2) We cannot know whether the dead hear our prayers

Before I do present biblical passages that tell us that the departed can indeed hear us when we ask them to pray for us, I would ask how do we know whether God even hears our prayers? We don’t. But we must have faith. My point is, it is a natural and comfortable impulse to speak to our beloved dead who have gone to sleep in the Lord. Is it really so easy to believe in God and to believe He hears our prayers, but then difficult to believe in a God who grants us, out of Love, a continual communion with those we love but have gone to their reward?

The faithful departed are not gods. They are not omnipotent or omniscient by their own nature, so the only way they can hear us ask them to pray for us is if God grants them this blessing.

Fortunately, the Bible teaches us quite clearly that God has indeed granted them this precious gift, which deepens the Communion of the Saints, both living and dead.

Those who condemn Saint Intercession claim that the Bible does not provide any evidence whatsoever that those in heaven can hear our prayers or know what is happening on the earth. Let’s see if this claim is true.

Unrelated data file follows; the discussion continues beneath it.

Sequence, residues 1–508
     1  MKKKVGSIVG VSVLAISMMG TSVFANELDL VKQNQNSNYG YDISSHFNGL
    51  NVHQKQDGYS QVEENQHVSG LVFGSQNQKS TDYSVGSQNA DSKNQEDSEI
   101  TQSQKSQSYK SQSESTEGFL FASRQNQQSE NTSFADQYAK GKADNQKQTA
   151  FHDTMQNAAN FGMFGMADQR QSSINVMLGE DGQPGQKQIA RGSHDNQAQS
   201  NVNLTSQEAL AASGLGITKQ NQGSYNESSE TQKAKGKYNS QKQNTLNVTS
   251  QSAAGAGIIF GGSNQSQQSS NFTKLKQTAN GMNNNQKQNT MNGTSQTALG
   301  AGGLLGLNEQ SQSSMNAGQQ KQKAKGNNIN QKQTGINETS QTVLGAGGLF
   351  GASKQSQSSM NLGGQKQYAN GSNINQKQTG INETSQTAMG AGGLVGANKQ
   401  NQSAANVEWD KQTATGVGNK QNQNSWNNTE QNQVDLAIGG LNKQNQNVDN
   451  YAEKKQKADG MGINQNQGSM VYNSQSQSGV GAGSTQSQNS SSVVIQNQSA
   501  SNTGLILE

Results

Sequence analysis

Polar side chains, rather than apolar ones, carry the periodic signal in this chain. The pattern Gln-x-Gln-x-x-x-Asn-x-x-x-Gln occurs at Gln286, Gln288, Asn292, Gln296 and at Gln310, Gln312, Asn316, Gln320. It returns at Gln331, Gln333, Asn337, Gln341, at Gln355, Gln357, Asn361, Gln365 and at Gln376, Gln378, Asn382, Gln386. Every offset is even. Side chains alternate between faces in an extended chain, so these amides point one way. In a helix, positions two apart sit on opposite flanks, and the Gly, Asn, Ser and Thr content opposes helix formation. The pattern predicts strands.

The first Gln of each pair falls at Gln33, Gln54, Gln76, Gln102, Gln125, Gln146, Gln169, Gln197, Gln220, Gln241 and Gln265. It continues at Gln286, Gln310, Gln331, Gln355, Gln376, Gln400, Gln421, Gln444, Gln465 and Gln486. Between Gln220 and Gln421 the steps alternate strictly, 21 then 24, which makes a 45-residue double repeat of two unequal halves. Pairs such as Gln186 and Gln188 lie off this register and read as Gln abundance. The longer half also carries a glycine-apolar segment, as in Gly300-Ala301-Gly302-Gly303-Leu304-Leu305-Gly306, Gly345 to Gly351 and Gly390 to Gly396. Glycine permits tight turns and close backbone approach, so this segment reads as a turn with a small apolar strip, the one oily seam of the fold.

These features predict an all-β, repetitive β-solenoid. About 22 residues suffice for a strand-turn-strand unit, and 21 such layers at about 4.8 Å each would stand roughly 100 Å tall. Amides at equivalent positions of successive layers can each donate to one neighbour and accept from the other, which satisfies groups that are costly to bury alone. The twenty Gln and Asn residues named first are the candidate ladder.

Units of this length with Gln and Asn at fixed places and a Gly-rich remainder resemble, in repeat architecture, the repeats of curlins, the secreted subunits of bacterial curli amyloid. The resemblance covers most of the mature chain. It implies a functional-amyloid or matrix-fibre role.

Scripture Teaches That
The Angels in Heaven Can Hear Us!

Consider the following.

Jesus said, “There is joy before the angels of God over one sinner who repents.” (Luke 15:10)

And so, the angels are indeed aware of what goes on in the human realm.

Here’s another verse that proves the angels are well aware of what happens on Earth:

See that you do not despise one of these little ones, for I tell you that in heaven their angels always behold the face of my Father who is in Heaven. (Matt 18:19).

Now, Jesus told us that those who have died will be “like angels in heaven.” (Matt 22:30) And so, if the faithful departed are like angels, and the angels clearly do know what happens on earth, then it follows logically that the faithful departed know what happens here as well.
While this logical argument is valid, it would still be nice to find verses in the Bible directly describing the faithful departed as being aware of the prayers of those still on earth.

Scripture Teaches That
The Saints in Heaven Can Hear Us!

In the Book of Revelation, we read:

Each of the elders held a harp and gold bowls filled with incense, which are the prayers of the holy ones. (Rev 5:8)

The “holy ones” here is evidently referring to the prayers of the “saints” of the Church, at this period still a reference to all Christians, living or deceased. [2] So the prayers of the “holy ones,” visible to those in heaven, are the prayers of the living.

We also read in the Book of Revelation: